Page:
When somebody pitches a new idea with a lot of confidence, should you trust them?
It depends on where they sit in the hierarchy. In a rigorous new study, managers actually overestimated the value of their own ideas by 42%. Whereas employees underestimated the value of their own ideas by 11%. Managers were overconfident. As they gain power, they privilege their own perspectives. Whereas employees were a little under confident. They said, "Well I don't really know what I'm doing and they second guess themselves." I think that means that managers need to stop falling in love with their own ideas and start listening to the people below them.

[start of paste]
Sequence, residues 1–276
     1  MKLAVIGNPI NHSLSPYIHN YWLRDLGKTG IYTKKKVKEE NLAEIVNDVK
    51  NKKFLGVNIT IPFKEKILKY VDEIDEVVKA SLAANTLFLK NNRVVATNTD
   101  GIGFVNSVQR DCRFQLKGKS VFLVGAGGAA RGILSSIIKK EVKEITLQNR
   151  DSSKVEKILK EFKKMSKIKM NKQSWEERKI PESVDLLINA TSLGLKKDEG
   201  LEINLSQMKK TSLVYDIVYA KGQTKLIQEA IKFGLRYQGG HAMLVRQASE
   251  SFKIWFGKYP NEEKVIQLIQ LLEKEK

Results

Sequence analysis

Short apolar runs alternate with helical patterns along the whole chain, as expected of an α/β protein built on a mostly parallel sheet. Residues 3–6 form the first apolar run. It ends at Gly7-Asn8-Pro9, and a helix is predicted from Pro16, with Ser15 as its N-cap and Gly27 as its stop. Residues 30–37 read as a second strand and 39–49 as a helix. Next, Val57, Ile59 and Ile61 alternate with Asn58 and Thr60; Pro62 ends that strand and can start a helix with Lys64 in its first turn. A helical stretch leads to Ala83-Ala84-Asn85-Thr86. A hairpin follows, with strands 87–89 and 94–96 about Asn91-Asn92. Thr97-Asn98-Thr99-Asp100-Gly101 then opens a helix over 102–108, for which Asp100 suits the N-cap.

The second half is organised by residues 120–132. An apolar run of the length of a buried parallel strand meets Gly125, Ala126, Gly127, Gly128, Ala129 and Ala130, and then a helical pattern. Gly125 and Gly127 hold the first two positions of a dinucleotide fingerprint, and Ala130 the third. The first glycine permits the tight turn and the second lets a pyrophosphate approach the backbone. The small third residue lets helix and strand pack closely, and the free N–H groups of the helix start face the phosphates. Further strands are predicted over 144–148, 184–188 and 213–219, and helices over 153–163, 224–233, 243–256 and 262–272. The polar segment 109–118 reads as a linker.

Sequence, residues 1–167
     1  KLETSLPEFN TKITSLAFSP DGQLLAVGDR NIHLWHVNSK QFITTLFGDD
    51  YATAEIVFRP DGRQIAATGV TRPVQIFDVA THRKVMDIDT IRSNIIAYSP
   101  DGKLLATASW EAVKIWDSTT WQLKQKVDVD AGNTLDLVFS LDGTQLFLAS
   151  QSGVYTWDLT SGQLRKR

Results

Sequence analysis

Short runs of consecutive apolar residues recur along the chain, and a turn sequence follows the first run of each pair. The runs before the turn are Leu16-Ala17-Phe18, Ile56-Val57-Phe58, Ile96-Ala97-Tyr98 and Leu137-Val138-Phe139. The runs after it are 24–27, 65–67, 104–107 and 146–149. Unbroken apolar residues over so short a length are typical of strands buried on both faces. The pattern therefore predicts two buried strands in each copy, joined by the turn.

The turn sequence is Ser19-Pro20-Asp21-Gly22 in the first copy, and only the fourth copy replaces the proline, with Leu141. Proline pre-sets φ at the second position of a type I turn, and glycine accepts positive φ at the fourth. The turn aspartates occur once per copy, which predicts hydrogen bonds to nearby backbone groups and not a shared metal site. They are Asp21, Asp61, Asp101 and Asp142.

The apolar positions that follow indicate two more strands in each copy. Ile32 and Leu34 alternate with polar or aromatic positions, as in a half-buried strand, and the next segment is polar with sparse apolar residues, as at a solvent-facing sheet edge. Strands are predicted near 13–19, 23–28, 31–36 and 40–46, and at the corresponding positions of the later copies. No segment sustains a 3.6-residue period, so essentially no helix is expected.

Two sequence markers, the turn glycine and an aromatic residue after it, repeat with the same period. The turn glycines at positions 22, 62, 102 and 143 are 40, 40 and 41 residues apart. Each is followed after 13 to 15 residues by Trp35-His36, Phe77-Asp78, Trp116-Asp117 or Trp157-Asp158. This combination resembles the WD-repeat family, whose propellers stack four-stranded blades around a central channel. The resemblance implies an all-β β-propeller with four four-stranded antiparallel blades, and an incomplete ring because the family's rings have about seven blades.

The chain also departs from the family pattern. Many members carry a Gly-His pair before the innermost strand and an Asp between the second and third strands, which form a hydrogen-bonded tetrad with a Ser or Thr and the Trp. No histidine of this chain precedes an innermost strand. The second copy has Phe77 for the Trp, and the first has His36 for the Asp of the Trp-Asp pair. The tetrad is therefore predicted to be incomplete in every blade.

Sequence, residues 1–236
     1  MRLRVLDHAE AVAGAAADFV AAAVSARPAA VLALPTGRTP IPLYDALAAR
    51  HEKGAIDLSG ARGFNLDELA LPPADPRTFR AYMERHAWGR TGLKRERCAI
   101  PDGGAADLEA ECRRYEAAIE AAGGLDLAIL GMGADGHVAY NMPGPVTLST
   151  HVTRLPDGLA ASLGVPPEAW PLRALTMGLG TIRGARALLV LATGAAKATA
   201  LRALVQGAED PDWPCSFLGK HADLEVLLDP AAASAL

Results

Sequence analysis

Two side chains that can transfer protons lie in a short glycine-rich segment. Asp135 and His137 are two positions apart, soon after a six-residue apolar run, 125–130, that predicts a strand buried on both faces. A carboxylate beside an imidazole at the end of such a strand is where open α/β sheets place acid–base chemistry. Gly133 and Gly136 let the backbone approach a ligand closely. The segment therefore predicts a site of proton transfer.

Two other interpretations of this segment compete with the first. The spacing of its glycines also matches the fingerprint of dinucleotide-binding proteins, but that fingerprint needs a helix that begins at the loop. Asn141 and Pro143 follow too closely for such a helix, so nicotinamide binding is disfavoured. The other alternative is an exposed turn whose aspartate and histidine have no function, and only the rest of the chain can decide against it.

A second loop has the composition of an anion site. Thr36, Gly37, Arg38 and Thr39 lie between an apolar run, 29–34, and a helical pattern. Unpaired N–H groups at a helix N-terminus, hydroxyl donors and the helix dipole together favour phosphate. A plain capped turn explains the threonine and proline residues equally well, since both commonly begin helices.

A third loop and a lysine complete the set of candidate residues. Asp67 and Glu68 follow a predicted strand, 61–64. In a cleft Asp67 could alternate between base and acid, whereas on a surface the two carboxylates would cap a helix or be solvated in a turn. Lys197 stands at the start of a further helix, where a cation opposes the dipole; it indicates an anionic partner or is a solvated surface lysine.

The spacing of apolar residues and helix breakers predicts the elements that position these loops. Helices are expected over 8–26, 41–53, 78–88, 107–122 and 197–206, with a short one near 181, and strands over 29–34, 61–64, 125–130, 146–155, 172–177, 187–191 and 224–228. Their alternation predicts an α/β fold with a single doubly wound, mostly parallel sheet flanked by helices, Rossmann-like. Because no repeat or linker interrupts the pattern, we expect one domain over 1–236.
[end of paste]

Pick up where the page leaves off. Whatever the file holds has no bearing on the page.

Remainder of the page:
One of the easiest ways to do that is to run an innovation tournament - a contest for new ideas. A great example comes from Dow Chemical. They could put out a call for ideas and said we're trying to save energy and reduce waste. We'll take any proposal that costs no more than $200,000 US and it has to be able to pay for itself within a year. Over a decade, they ended up investing in 575 ideas that were submitted into that tournament. And on average they saved the company 110 million U.S. dollars per year. And most of those ideas did not come from people in creative jobs. Often it was an employee on a factory floor who saw something broken and had an idea for how to fix it. But didn't run with it until the tournament was opened. And I think managers ought to run more of those contests.